SA's film and TV industry back to work amid Covid-19 – without extras or studio audiences

The Samsodien family in 'Suidooster.' (Photo supplied: kykNET/Suidooster TV)
The Samsodien family in 'Suidooster.' (Photo supplied: kykNET/Suidooster TV)

South Africa's film and TV industry got the green-light to reopen but as cameras start rolling and lights flicker back on it won't be business as usual. 

After the country's film and TV biz was frozen to a standstill for over five weeks during lockdown - except for the ongoing production and broadcast of TV news and current affairs programming- there's a new hope.

On Sunday night, 3 May the South African government gazetted regulation amendments under the Covid-19 Level 4 shutdown situation, paving the way for the reopening of the local TV and film industry which has been hammered by the national lockdown period.

Filming on-set is scheduled to resume Monday, 4 May at the Sasani Studios lot in Johannesburg at SABC2's 7de Laan produced by Danie Odendaal Productions, SABC1's Skeem Saam, kykNET's Binnelanders at Stark Studios and several others, with more shows across the country including Cape Town and Durban that will gear up during the week.

The restart will, however, be mostly centred around the flurry of locally-produced soaps and drama series seen in primetime across SABC1, SABC2 and, as well as M-Net's Mzansi Magic, 1Magic and kykNET channels. Some of them have already run out of their stockpiled episodes over the last two weeks, while the available episodes left for playout in the video stack cupboard of the rest are dwindling fast.

Other shows that will flicker back to life in a limited fashion with new episodes include local studio-based magazine shows across the SABC, SuperSport and the M-Net channels such as Kwêla on kykNET, produced from Cape Town, that was already out with a newly recorded episode on Sunday night.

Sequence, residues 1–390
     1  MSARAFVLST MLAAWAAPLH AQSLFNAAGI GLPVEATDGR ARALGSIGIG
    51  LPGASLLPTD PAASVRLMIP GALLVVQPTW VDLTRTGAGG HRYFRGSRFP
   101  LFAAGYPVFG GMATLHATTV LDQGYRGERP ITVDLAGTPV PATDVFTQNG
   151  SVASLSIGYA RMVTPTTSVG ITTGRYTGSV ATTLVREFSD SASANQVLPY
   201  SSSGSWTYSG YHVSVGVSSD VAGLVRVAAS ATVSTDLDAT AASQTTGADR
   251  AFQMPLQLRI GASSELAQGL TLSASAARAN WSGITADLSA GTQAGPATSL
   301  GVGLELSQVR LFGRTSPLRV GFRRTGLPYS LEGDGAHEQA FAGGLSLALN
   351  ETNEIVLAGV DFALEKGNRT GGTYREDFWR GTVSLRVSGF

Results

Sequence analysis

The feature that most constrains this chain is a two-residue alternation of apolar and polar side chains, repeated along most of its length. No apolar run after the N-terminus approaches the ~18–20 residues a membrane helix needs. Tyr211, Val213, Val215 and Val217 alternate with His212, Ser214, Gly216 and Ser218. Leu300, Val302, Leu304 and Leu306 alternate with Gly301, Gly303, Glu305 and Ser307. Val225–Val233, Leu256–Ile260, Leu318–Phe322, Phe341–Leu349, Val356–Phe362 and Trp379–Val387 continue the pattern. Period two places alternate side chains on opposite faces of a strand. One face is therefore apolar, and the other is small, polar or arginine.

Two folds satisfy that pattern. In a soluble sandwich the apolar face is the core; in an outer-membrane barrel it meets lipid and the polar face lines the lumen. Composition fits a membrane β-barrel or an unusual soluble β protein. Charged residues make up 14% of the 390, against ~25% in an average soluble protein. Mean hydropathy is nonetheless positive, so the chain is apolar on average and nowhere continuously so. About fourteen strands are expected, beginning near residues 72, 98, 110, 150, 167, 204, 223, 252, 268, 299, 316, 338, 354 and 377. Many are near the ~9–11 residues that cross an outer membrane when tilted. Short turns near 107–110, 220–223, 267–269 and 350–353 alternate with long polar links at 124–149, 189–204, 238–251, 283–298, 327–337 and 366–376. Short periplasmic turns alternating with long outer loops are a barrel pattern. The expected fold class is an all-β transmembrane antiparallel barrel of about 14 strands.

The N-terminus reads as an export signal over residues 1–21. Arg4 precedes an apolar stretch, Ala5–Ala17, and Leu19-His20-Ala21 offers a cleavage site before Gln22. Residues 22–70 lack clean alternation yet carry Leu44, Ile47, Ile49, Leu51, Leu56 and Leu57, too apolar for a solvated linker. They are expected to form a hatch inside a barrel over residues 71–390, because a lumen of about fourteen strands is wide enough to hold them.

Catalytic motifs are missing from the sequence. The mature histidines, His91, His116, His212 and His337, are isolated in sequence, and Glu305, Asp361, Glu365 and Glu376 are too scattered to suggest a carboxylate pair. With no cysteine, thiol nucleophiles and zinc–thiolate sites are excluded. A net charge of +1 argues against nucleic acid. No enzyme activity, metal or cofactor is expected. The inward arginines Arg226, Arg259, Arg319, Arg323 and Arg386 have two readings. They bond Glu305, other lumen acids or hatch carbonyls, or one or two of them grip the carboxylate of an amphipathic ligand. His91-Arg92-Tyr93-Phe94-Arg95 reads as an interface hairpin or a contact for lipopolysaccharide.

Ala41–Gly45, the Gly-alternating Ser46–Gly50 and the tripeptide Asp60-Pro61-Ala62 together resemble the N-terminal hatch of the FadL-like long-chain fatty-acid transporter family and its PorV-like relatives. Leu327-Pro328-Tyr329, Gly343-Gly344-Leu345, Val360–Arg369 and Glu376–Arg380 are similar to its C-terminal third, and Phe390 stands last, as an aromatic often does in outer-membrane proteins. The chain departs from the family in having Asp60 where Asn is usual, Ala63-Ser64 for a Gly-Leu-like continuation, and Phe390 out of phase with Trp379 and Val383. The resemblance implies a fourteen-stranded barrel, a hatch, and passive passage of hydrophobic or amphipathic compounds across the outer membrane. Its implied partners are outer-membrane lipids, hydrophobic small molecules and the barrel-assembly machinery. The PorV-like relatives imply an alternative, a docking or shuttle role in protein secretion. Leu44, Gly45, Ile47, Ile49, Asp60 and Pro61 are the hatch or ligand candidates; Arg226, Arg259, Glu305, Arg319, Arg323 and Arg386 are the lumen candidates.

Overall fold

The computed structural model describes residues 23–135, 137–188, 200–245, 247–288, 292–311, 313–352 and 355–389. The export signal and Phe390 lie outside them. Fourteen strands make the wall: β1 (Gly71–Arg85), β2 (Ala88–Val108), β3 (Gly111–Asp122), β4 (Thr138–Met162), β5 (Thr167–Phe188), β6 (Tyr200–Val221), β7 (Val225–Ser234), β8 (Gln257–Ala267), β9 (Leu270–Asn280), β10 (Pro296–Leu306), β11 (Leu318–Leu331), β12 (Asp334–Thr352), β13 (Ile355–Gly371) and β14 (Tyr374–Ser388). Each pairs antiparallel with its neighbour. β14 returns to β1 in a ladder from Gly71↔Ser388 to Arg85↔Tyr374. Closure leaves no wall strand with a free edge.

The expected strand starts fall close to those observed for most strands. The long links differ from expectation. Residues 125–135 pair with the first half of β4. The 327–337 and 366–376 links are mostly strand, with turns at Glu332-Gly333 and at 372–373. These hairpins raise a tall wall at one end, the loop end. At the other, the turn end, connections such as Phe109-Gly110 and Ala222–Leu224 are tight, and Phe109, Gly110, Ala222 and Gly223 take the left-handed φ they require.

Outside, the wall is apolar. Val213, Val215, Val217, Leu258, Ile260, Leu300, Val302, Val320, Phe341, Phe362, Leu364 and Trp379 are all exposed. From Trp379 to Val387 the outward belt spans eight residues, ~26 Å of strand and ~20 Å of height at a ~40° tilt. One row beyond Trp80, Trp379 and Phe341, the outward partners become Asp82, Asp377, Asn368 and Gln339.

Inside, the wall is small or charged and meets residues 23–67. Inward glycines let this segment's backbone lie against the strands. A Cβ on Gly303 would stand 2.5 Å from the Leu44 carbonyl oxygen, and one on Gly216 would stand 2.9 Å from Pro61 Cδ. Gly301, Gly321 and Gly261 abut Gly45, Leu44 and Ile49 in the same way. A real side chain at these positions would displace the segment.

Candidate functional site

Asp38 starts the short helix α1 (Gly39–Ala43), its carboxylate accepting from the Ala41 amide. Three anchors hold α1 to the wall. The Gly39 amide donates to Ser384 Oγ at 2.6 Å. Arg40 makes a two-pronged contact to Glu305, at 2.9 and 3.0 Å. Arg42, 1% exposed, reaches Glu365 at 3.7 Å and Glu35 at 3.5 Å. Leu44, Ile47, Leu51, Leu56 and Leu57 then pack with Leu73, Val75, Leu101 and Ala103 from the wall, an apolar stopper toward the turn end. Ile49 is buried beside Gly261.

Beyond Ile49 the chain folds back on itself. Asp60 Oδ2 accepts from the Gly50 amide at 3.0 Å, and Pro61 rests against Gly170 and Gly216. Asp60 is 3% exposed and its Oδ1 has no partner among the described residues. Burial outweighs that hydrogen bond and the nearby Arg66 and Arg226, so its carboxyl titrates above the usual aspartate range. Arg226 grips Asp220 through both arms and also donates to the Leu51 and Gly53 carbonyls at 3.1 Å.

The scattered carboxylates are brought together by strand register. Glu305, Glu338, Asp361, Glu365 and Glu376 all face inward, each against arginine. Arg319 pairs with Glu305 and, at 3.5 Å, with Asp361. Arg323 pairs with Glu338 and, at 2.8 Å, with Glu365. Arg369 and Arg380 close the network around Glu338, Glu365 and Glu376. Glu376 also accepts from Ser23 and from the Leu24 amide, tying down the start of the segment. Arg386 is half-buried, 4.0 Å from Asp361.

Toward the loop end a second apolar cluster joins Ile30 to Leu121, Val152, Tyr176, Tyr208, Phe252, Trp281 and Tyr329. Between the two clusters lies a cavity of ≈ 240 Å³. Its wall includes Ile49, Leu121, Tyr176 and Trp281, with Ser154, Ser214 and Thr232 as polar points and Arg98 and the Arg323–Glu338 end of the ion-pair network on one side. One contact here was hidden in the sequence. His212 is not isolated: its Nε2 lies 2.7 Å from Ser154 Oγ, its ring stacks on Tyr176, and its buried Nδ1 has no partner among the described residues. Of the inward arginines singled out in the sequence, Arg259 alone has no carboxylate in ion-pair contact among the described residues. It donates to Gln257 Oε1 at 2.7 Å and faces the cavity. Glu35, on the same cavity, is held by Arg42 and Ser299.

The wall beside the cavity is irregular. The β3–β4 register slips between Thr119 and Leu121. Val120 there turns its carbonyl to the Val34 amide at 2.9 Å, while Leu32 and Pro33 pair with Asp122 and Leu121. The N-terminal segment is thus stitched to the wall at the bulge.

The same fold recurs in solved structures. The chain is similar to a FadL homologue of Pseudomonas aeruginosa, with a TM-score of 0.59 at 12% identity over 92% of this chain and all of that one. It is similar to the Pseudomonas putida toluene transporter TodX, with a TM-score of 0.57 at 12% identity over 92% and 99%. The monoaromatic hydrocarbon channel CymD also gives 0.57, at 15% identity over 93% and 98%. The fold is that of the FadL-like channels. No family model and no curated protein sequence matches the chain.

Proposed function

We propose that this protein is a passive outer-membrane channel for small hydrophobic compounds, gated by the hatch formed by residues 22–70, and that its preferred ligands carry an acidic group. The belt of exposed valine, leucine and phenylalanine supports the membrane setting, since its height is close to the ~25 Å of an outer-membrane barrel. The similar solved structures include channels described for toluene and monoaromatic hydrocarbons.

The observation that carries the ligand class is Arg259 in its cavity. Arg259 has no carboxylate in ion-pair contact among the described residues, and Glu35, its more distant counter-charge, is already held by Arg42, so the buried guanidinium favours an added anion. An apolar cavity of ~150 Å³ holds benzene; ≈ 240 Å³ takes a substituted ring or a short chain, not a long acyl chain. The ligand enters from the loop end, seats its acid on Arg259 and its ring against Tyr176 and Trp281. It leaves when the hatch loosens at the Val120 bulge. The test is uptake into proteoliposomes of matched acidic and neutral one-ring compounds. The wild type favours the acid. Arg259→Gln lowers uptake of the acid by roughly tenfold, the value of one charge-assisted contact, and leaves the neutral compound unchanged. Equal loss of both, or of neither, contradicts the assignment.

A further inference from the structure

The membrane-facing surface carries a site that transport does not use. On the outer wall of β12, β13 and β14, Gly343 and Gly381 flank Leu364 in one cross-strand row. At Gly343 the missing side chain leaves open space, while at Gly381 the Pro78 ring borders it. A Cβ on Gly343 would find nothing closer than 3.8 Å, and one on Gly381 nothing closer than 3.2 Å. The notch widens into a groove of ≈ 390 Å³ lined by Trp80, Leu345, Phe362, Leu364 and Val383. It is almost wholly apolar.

While shooting of scenes in feature films and on-location filming can technically happen, it's highly unlikely due to the expensive overall production cost to start-up for only certain scenes. Cinemas from Ster-Kinekor to Nu Metro, including independent film theatres countrywide, will all remain closed.


The restart will, however, come with extremely strict rules. Film and TV crews working on shows already attached to a broadcaster and making use of local casts and crews are allowed to return to work and to the studio.

This includes crew working on post-production, for instance, editors, and anyone working on sound and special effects, animators, or anyone finishing material in specialised studios.  

The South African government is placing the responsibility for the reopening of studio doors on broadcasters – the SABC, the MultiChoice Group, including divisions like M-Net and Supersport, and eMedia Investments.

They may "elect to resume content production based on risk assessment" and are cautioned to only restart shows "that can be produced with minimal risk", for instance soaps and telenovelas shot in a studio environment that are easier to handle than location shoots.

"Broadcasters must identify solutions to ensure the protection of performers and production crews" according to the Government Gazette, and should "retain, to the extent possible, a work from home approach".

"Each broadcaster must work closely with the respective production companies and the relevant industry bodies to determine the most appropriate return-to-production strategy and feasible implementation dates."


Although studio crews will wear them, the local casts of TV soaps won't immediately appear on-screen wearing face-coverings – if ever. Gone are extras and studio audiences for shows like game shows, reality talent competition shows, and talk shows.

There are three reasons for soap stars who won't immediately be seen wearing masks and plastic shields on-screen: Soaps and telenovelas will continue filming the locked scripts and story arcs already written and in the production pipeline before the Covid-19 lockdown began – stories that don't include the coronavirus pandemic.

Secondly, newly filmed episodes will take some weeks to be shown.